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I'm working on a Software as a Service site which we will use backbone primarily, but what I'm noticing is most of the logic for the application is lying on backbone. While we use ruby mostly as just a session controller and a bridge to the database it seems. So our site is very susceptible to being copied. (just a matter of copying the js files...)

I know this may be a dumb question but, is it anyway I can avoid this or would have a client side heavy application like this be bad for this type of application?

I'm not sure on how I can secure this site structure at this point.

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2 Answers 2

up vote 6 down vote accepted

Sure it can be copied, that is a risk you take with JavaScript. You have the same problem with your markup and your CSS as well, but I'd say you rarely see someone stealing it anyway. There is probably more to your service than just your code (your design, your copy, your business model, your customer support). Even if they did copy your code, you will probably be able to deliver a better service than them anyway, since your are devoted to your product, which they clearly are not.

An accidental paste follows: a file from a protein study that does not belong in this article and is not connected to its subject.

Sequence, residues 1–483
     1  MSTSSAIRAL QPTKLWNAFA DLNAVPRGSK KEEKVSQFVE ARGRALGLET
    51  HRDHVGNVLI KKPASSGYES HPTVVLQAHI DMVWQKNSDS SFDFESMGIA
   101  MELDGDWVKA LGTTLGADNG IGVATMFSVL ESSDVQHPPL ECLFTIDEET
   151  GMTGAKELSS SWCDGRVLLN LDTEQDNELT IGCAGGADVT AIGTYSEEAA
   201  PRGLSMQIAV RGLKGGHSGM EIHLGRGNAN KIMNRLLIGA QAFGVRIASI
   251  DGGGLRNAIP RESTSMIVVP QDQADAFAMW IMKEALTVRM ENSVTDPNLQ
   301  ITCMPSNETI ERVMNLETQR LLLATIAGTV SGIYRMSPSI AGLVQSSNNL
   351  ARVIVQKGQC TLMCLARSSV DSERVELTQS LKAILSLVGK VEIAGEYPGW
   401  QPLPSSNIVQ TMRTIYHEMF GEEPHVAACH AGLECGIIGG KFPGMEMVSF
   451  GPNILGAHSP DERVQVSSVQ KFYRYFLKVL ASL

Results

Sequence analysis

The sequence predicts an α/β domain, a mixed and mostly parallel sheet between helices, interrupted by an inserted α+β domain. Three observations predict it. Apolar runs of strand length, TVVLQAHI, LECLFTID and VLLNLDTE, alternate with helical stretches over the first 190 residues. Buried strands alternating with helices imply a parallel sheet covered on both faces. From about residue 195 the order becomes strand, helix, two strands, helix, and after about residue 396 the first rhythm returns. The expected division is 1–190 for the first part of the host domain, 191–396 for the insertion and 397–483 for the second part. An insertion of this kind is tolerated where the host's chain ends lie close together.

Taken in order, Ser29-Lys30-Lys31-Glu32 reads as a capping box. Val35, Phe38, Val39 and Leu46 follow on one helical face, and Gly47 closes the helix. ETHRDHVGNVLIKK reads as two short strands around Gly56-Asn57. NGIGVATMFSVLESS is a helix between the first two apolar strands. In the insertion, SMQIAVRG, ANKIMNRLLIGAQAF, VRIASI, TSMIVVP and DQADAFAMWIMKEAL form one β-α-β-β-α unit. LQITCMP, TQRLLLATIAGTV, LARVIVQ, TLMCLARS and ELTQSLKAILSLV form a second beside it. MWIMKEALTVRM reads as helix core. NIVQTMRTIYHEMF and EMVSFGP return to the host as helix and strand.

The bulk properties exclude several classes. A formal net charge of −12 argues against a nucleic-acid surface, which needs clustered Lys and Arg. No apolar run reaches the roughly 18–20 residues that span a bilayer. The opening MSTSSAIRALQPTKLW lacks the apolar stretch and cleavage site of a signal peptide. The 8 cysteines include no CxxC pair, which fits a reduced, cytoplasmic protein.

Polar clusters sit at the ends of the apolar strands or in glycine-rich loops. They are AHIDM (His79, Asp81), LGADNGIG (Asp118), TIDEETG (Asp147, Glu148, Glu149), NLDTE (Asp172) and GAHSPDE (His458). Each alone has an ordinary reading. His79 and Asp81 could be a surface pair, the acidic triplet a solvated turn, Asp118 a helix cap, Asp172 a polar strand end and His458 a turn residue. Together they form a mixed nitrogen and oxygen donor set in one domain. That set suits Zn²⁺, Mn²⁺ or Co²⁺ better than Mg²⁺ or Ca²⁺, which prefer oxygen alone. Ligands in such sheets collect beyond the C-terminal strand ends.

Another way of looking at the whole thing is to see it as the beauty of web development. You are free to open up the code of any web page and learn from it.

If you still want to "protect" your code, your best shot is probably to use something like UglifyJS or similar, to minimize and obfuscate your code. Sure the "thief" could then use a prettyfier to get indentation etc. back, but the code will still be obscure and practically impossible to maintain. So it would probably not be worth the job of stealing it in the long run.

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I agree with this answer pretty much. However, if you have ALL of your important logic going on in Backbone, you might want to consider splitting some of that off onto the server side. For example, I use Backbone for the front end. Someone determined could look at all my models and know what kind of data I'm collecting. But how I use that data, the algorithms I have to turn thousands of client datapoints into particular actions the client sees rests on my server and is safe from prying eyes. It really depends on what you're service is and what parts need protecting. Stealing is pretty rare. –  orangewarp Sep 23 '12 at 4:42

Protecting your javascript libraries is hard because you let your clients download them. The best thing you can do to protect them is to run a obfuscation and minification tool on them before you deploy them into production.

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